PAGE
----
Once used to weigh farm produce in 18th century Russia, kettlebells are now lifted as a competitive sport, and one Bendigo gym is proving to be an international powerhouse.

By Raelee Tuckerman – Photography by David Field

Coach Don Grant takes everyday Central Victorians and builds them into world-beating athletes, whose feats raising heavy cast-iron balls rank right up with the best.
Nine members of his Rock Hard Training gym represented Australia at the world kettlebell marathon championships in Denmark, bringing home nine medals, including seven gold, and four world records (Melanie Harris, Jen Fletcher, Hayley Lethlean and Maxine Smith).
“It’s truly amazing,” says Don, beaming like a proud father. “Mums and dads who are not athletes come in here and the next thing, they are the best in Australia and the world.”
No better example is Bendigo grandmother-of-two Maxine, who at 62 declares she is far fitter and stronger today than she was 40 years ago, thanks to her training regime.
She is also now a world champion and record holder, lifting the 12kg kettlebell a staggering 712 times during her hour-long marathon competition.
“I didn’t start training at the gym until I was 58 and have only been doing kettlebells for the last three years,” she says. “I had broken my arm badly and was determined not to be defined by my injury, so I used the kettlebells as a tool to help get my strength and confidence back.
“Once you start, they become quite addictive.”
Maxine has competed twice at the Australian titles, but Denmark was her international debut.
“We trained really hard in the lead-up, because you have to reach a certain standard to qualify for worlds, so to be able to pull off my best result on the day was pretty special.”
Kettlebell sport involves repeatedly raising one or two heavyweights overhead as many times as possible over a set period — traditional (10 minutes), half-marathon (30 minutes) or full marathon (an hour). Lifting styles include the snatch, jerk, and long cycle.
Don explains kettlebells originated on Russian farms more than 300 years ago for measuring produce, where one “pood” weight equalled 16kg.
“Over the years, with the cold winter nights and a bit of vodka, I guess the farmers started challenging each other and seeing how many times they could lift them overhead.
“They were in Russian gyms around the turn of the century and then, after World War II, the Soviet Government passed legislation around rebuilding a strong nation and kettlebell lifting, called ‘girevoy’, became their national sport.”
Western nations began embracing kettlebells as a fitness tool for strength, performance and endurance in the mid-1990s and they have become more popular in recent years.
“Lifting is a fantastic life skill, because we lift many things every day,” says Don, who also won gold on the world stage by completing 994 repetitions with a 20kg kettlebell in an hour.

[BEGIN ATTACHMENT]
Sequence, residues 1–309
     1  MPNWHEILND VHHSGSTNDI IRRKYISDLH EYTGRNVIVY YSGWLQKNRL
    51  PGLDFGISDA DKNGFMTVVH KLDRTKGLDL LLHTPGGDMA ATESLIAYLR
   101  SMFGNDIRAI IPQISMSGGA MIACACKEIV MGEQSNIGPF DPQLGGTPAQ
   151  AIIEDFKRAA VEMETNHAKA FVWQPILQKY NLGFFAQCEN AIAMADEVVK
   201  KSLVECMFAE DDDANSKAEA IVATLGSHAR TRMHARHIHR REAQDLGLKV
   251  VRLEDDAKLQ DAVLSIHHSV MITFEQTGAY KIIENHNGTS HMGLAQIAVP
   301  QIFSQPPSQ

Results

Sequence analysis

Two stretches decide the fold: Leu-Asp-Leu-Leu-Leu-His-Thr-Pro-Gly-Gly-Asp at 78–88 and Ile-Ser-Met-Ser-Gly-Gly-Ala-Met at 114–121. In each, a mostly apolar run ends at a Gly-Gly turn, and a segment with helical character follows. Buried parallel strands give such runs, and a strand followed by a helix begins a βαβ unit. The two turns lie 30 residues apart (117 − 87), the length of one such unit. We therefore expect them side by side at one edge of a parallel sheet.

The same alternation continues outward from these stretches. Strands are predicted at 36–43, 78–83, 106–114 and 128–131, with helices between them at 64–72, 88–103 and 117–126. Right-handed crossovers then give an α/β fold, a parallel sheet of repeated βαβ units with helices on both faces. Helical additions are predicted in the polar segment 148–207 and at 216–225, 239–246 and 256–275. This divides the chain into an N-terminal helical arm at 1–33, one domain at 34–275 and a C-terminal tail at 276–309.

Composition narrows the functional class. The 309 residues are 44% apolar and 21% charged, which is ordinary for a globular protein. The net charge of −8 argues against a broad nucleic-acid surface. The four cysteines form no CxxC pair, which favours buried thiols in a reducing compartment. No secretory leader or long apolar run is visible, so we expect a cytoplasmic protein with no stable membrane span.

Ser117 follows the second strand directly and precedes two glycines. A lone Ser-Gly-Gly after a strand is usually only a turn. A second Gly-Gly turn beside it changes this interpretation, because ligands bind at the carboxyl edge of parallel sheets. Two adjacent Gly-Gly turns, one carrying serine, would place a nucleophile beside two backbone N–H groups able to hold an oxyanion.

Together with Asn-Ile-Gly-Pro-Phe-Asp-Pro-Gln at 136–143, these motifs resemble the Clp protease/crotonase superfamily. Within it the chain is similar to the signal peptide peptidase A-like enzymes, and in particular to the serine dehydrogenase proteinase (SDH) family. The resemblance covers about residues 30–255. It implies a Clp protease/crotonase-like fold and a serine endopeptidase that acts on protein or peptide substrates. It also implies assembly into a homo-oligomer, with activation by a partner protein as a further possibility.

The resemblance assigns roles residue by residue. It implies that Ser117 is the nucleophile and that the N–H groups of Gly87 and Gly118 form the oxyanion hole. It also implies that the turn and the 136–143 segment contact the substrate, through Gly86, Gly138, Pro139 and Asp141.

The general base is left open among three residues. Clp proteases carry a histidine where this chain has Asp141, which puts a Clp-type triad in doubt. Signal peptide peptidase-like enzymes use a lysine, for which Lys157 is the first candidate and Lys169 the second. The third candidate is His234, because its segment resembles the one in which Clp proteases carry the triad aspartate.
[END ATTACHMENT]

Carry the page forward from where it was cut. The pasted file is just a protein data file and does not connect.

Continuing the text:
“But it has to be done correctly — this is a very safe sport but it’s important the trainer knows what they are talking about to avoid incorrect technique, which can cause injury.
“I wanted to learn how to use the kettlebells properly, so I engaged five-time world champion Sergei Rudnev, who was coach of the Russian national team, to teach me.
“I contacted him over the internet and started doing coaching with him online, then did a course when he came out to Melbourne. My gym is based on the Russian template.”
Almost 20 of Don’s personal training clients compete regularly in kettlebell competitions, through organisations like Girevoy Sport Australia Association, the International Kettlebell Sport and Fitness Academy, and the International Kettlebell Marathon Federation.
Athletes from his East Bendigo gym range in age from teenagers to veterans in their 70s.
The youngest is 14-year-old Georgia Welsh, from Calivil, who was introduced to kettlebells by a teacher who trains with Don and runs lunchtime lifting at East Loddon P-12 School.
(It’s worth noting the teacher, Hayley Lethlean, is herself a world champion.)
“I started when I was 12, after Mrs Lethlean suggested I go to one of her sessions,” Georgia recalls. “I went to have a look and thought it might help me with my asthma, and I have loved it ever since. It really is a fun sport.
“The kids at school think what I do is pretty awesome and we’ve had a few more join the lunch classes since I’ve been overseas.
“It was definitely cool to compete with the team and such an amazing feeling putting on my Australian uniform for the first time.”
Georgia claimed bronze in her junior division half-marathon in Denmark, with 327 reps of the 12kg weight over 30 minutes of continuous lifting and lowering.
Many of the Bendigo kettlebell crew enjoyed success at the recent Arnold Classic Australia meet in Melbourne and are now eyeing the 2017 world titles in Italy at the end of November.
Despite his team’s incredible achievements, Don is not motivated by competition or results.
“At the end of the day, it’s not really about the sport for me – it’s about movement. And kettlebells are the perfect tool for helping others become fit, healthy and strong for life.”
For more details, contact Don Grant at Rock Hard Training in East Bendigo on 0432 440 646.